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An Employer’s Guide to Handling Worker’s Compensation Claims
Here are the standard steps to for employers to use when administering a workers’ compensation claim. Employers should also review and comply with state laws, as state laws normally set the parameters for employer-required coverage, posting, reporting and determining what constitutes a workers’ compensation claim.
Step 1: Proper Training
Employers should train and educate employees on workers’ compensation coverage and related reporting requirements. Many employers create policies and procedures that are included in employee handbooks and procedure manuals.
Step 2: Report Incidents to Appropriate Parties
Per the employer’s established policies and procedures, employees should be trained to report the incident to the company’s designated person; usually a human resources representative. The representative should determine whether first aid is required and can be performed on the scene or if additional emergency care is required at a health care facility. Depending on the severity of the injury, the representative may need to notify the employee’s emergency contact of the incident. The employer should take immediate action to ensure that the worksite where the incident occurred is safe and secure to prevent additional incidents.
Step 3: Complete Injury/Illness Reports
If possible, the representative should meet with the employee to complete injury/illness reports. These forms are either created by the employer or some use forms provided by their worker’s compensation carrier. The report usually requires the following information: date of injury, the place where it occurred, a description of the injury or illness, the date the employer became aware of the injury or illness, the date that the employee received the form, the date the employee returned the form to the employer, and any other required information. If the employee was given the report to complete, the representative should give the employee a deadline to complete it. If the employee needs to return the form via mail, the representative should direct him or her to mail it certified with a return receipt so there is a record of the date the employee returned it to the employer.
During the meeting, the representative should share with the employee the claims procedures, the benefits available to the employee and whom to contact for any concerns. Items frequently covered in this discussion include:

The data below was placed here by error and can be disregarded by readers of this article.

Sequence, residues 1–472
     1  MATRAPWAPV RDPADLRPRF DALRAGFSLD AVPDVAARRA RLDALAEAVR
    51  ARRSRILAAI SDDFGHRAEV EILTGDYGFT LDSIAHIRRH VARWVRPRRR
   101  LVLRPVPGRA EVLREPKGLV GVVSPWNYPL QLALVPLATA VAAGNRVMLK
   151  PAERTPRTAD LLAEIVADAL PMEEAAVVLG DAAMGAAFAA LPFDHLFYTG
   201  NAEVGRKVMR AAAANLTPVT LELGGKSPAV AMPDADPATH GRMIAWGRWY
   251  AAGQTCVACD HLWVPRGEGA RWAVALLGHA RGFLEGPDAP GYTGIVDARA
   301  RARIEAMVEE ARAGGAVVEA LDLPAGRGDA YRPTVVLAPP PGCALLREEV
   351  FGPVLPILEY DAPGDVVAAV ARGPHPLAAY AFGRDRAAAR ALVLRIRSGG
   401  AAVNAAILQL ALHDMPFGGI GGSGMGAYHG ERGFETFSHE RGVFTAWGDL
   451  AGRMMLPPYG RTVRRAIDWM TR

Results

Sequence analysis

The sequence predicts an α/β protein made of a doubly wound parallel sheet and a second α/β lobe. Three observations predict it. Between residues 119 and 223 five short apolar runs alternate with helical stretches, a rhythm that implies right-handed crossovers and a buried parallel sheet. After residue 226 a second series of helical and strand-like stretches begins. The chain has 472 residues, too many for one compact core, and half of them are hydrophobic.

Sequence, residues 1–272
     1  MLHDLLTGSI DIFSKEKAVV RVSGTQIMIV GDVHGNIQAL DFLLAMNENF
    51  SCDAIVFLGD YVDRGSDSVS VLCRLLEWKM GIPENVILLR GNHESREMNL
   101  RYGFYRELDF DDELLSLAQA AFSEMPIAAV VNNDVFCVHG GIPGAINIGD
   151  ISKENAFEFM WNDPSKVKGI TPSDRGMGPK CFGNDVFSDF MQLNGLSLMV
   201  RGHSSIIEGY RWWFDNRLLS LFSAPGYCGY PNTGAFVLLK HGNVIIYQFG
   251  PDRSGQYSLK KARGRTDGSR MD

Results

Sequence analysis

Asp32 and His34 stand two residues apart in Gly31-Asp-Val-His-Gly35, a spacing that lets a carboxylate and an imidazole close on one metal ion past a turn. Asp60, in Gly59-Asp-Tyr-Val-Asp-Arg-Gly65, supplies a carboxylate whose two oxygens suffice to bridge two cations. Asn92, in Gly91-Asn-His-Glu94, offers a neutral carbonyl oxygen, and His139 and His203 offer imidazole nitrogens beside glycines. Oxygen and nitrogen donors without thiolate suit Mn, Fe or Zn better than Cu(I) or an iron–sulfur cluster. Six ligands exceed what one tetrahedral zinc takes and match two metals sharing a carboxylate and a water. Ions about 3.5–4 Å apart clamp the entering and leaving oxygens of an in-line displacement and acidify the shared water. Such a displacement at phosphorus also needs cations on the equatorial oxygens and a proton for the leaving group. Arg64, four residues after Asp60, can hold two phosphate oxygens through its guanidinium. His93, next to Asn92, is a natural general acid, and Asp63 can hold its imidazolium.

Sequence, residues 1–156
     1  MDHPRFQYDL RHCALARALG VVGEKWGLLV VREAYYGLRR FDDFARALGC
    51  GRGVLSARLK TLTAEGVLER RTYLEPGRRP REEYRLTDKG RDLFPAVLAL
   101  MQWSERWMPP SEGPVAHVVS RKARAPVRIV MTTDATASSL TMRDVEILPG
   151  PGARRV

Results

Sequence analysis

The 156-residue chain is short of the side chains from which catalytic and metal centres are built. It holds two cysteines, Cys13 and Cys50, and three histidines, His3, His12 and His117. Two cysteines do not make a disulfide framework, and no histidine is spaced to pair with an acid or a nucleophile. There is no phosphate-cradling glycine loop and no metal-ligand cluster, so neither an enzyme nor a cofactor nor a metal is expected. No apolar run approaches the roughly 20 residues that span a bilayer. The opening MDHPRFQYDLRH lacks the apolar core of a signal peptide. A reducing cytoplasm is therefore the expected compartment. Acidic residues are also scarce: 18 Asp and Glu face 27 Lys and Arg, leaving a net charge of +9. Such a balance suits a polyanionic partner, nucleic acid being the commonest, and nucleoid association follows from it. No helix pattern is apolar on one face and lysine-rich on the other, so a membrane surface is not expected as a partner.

– Injury/illness report
– Physician selection
– Medical expenses
– Travel reimbursement
– Compensation benefits
– Family and Medical Leave (FMLA)
Step 4: File Injury/Illness Reports
Next the organization files the incident report with the company’s workers’ compensation carrier. Some employers may also be required by state law to submit the report to the state’s workers’ compensation agency.
Step 5: Stay in Contact with the Worker’s Compensation Carrier
Organizations must maintain contact with the workers’ compensation carrier on the employee’s claim. The employer may need to forward medical documentation to the workers’ compensation carrier. Moreover, the workers’ compensation carrier may have documents for the employer to complete. These documents may request information such as the number of lost workdays, the employee’s return-to-work status and any salary continuation to determine wage replacement benefits.
Step 6: Stay in Contact with the Employee
The representative next informs the employee that the claim has been submitted and when to expect contact from the workers’ compensation carrier regarding wage replacement and medical treatment. The representative should then establish a schedule of regular follow-up on the employee’s progress by telephone, mail or e-mail to let the employee know that his or her well-being and return to work are important to the organization.
Step 7: Establish a Timeline for Return to Work
Establishing a timeline for the employee’s return to work is imperative, as is making the determination about potential restrictions that may require accommodation and whether the employer will be able to accommodate the employee’s needs. An employer may also need to consider if workers’ compensation benefits will run concurrently with leave under the Family and Medical Leave Act (FMLA), the Americans with Disabilities Act (ADA), state leave laws or a company-provided leave of absence. The employer should have a policy in place that includes how leave interacts with workers’ compensation.
Step 8: Return the Employee to Work
Returning an employee back to work should be one of the main focuses for the employer, even if it is in a light duty capacity.
An employee’s return to work may have doctor-directed medical restrictions that may allow the employee to return on restricted or light duty, which is typically less physically and mentally demanding than the employee’s normal job.
Step 9: Continue Leave or Terminate When an Employee Is Unable to Return to Work
An employee’s doctor may provide a fitness-for-duty document that states that the employee is not ready to return to work and may not be able to return for some time or not at all. In this case, the employer will have to look at whether the employee is eligible for additional leave under the FMLA, the ADA, state leave or leave under the company’s policies and practices. Some state workers’ compensation laws have anti-retaliation provisions that may preclude an employer from terminating an employee for being absent due to a work-related injury; other states have legal precedent limiting an employer’s ability to terminate a worker receiving workers’ compensation benefits. Beyond these laws, there may be no obligation to continue to employ the individual; however, as with any termination, employers should seek legal guidance specific to their circumstances.